When his editor Steve Harris asked him if he would revisit it, Farwell took on the challenge. He ultimately conducted dozens of interviews with Kavanaugh, family members, detectives, therapists, doctors and others involved with the case. Through the course of his reporting, he saw Kavanaugh make small improvements; telling her story became part of the healing process.
“It became clear from talking to her therapist that this relationship with me was therapeutic for her,” Farwell said. “She was growing a little bit in her therapy work, so we felt good about that.”
He recorded every interview and then listened to each one. Though time-consuming, the exercise helped him determine how to structure the story; he wanted the dialogue, character development and scenes to fit together seamlessly. Farwell equated the experience to carpentry.
“You cut all your pieces of wood, lay them all out, and have a plan,” he said. “It’s a creative journey for sure, but at the end you want it to be like a dresser, where it’s all square and the drawers slide like butter back and forth. No jiggling.”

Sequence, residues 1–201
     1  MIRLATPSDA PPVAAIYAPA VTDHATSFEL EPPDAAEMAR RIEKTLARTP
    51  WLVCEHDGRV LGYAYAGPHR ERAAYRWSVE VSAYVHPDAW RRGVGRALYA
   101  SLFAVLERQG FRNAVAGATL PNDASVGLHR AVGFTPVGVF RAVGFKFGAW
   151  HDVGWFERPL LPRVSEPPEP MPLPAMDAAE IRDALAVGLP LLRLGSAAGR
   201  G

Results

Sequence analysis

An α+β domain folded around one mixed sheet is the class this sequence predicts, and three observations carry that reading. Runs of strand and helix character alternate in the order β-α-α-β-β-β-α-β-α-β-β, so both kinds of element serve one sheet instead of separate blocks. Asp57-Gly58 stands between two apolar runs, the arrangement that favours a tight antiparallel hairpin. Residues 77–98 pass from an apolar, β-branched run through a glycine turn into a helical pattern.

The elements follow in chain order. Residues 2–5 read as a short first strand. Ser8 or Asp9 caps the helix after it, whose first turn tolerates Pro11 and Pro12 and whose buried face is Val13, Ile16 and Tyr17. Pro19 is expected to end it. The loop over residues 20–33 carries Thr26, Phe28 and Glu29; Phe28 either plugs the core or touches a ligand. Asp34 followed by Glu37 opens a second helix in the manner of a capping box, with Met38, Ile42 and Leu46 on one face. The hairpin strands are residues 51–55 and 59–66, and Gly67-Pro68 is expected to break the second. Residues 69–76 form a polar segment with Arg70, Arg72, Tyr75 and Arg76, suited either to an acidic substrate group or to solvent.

Writing the narrative was an emotional investment. “It just hurt so bad. It was exhausting,” Farwell said. “You just felt like you sort of wanted to collapse at the end of it.”
Bob Mong, editor of The Dallas Morning News, didn’t want readers to feel the same way. So he asked Farwell to modify the first part of the story.
“He wanted me to reconfigure the first few days to give more of a whiff of hope — to let people know that this was going to be a painful journey, but if you stuck with us, there would be some emotional payoff in the end and something restorative that you could look forward to,” Farwell said. “He was right.”
Farwell changed the first part by adding passages like this one, which shows where Kavanaugh is today: